Transportation Kitchen

May 22nd, 2014

 

I had an amazing idea yesterday. Illustrators are always looking for the next amazing idea that can spin into a project and can absorb their time like a dry sponge, but I’ll get to that in a moment.

I’ve lived in New York City for three years now – I hit the three-year mark last week and celebrated my time in the city that never sleeps by, well, finally getting some sleep.

But after being in the city for three years, there are small things that I latch onto to take my mind off of the discomforts of such a foreign place. The ring of a subway entrance, the automated droll of the “Stand clear of the closing doors, please” and then that glorious ‘ding’, that I swear I will probably hear in my sleep when I’m eighty years old when I’m dreaming of my younger years, when I was in my prime.

But the one thing that I always come back to under the dark fluorescent hum of the grimy subway stations is the map. With the different colored subway lines all running in and out and through Manhattan like veins in a body, pumping the life-giving oxygen of people and problems and pain and maybe a little bit of prosperity here and there through that ridiculously over-populated island. My eyes study the map like I’ll be graded on it, and I try to remember each and every stop on all of the different lines like they are ingredients of some kind of recipe. If I can just add the right dose of a seven train, the right amount of R line, and bake until the local 33rd street stop on the six train, well, I might have something that’s worth enjoying. And so if you happen to see me on a subway platform, waiting for the next train, I’m probably not actually there – I’m probably lost in that map, in that kitchen where they make transportation sandwiches and serve them on fluffy white Metro North bread, along with a side of crispy Select Bus Service.

Foolishly, I think that if I stare at this map long enough, and stay in this kitchen full of transportation ingredients that maybe I’ll figure out where the hell I should go. But that’s not what a map is for, is it? Maps don’t tell you where you should go, or what train to take, or what stop to get off of – they only tell you where you can go. And sometimes, they don’t even tell you that.

I promised something about an illustration project, didn’t I? Oh yes, I did. When I first moved to the city, I was certain I would stay. For at least a little while. When new acquaintances would tell me that New York is full of transients who come and go after a year or two, I would smile smugly and exempt myself from this category of people who couldn’t commit to a place or invest in a city.

But things changed. They always do, don’t they? It sure as hell wasn’t part of my plan, but what fun would life be if everything went according to plan?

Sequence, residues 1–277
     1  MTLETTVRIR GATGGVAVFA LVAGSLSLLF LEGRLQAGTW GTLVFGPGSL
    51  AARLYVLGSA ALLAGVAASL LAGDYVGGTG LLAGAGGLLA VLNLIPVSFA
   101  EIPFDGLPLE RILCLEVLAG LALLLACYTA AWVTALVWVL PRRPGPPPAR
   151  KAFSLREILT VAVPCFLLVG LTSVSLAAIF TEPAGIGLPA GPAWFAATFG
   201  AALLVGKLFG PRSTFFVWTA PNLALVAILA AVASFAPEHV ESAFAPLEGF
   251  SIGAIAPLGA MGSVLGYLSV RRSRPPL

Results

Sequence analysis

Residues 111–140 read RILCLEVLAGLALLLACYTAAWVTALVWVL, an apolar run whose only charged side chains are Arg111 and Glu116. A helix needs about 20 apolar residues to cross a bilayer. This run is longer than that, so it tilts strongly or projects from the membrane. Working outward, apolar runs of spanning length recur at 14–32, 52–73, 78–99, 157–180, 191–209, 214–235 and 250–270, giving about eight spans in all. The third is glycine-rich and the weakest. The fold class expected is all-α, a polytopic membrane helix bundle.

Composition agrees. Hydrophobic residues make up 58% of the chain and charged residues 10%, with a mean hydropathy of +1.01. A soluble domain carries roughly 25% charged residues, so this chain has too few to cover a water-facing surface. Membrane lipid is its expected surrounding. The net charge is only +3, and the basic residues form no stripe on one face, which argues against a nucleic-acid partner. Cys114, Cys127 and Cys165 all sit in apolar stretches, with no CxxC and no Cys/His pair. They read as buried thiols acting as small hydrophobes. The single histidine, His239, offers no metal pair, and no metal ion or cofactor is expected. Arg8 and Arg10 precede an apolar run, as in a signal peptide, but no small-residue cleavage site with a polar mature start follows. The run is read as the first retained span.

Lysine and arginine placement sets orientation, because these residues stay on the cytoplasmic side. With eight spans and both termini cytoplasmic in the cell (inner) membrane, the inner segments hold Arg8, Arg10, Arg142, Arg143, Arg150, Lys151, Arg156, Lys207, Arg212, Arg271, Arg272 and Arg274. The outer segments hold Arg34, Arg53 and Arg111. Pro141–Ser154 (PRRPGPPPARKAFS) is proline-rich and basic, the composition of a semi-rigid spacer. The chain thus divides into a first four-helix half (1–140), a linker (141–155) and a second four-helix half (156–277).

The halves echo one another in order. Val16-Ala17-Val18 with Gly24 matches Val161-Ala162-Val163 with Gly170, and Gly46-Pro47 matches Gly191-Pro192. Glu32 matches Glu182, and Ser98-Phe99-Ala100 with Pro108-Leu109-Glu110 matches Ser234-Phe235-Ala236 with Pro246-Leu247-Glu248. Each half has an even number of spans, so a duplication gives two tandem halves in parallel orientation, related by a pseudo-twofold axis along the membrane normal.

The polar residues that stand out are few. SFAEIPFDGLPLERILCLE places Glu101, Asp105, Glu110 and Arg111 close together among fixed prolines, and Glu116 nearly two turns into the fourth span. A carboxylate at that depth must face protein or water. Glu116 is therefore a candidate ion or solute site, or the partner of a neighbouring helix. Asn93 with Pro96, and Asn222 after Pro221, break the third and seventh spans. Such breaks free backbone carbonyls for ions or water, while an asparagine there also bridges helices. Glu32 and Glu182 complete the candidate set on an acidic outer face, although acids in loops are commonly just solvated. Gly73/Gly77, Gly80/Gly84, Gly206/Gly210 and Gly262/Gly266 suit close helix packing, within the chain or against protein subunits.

So I packed everything up and became one of those transients that all of my New York friends and acquaintances warned me about. I moved back to Raleigh, and even though I spent four years in that side order of a city, when I returned, it tasted like foreign food with ingredients that I’d never tasted before. So my mind wandered back to those tiny ridiculous comforts that I never thought I’d miss – the ones that I thought I’d be glad to escape. I found myself saying: “Stand clear of the closing doors, please” and kept expecting the ‘ding’ whenever I saw a pair of automatic doors slide shut. And it would take me right back to my younger years, when I was in my prime. But most of all, I missed that map.

What kind of city lives without that array of colorful veins pumping ridiculous life through it’s convoluted flesh? What kind of city can claim a city full of ingredients, when the most colorful thing it has is a grey highway called 440?

So I drew my own map. I redrew Raleigh like it was my kitchen, and I had just gone shopping for new ingredients. I added a dozen subway lines running all through Cameron Village, downtown, out to Capital Boulevard, past 440 and out to Glenwood, then back to Wade Avenue, and back down toward Cary. I drew my own subway stops on my own map, and they stopped wherever I wanted them to stop. All the places I wanted to go were there – All the places I could go stared back at me, like ingredients waiting to be added and combined into something familiar and worth savoring.

I drew and drew until my pencil ran out and the paper smeared and all of the subway lines that I’d invented blended together to form a pile of spaghetti trains, spilling off of the plate, sprawling across the once-suburban landscape of North Carolina’s capitol side order of a city.

Maps don’t tell you where you should go, or what train to take, or what stop to get off of. Even if you draw them yourself, they don’t tell you where to go, or when to leave, or whether or not you yourself will be one of those transients that everyone you meet talks about. Maps only tell you where you could go. And sometimes, they don’t even tell you that.
 

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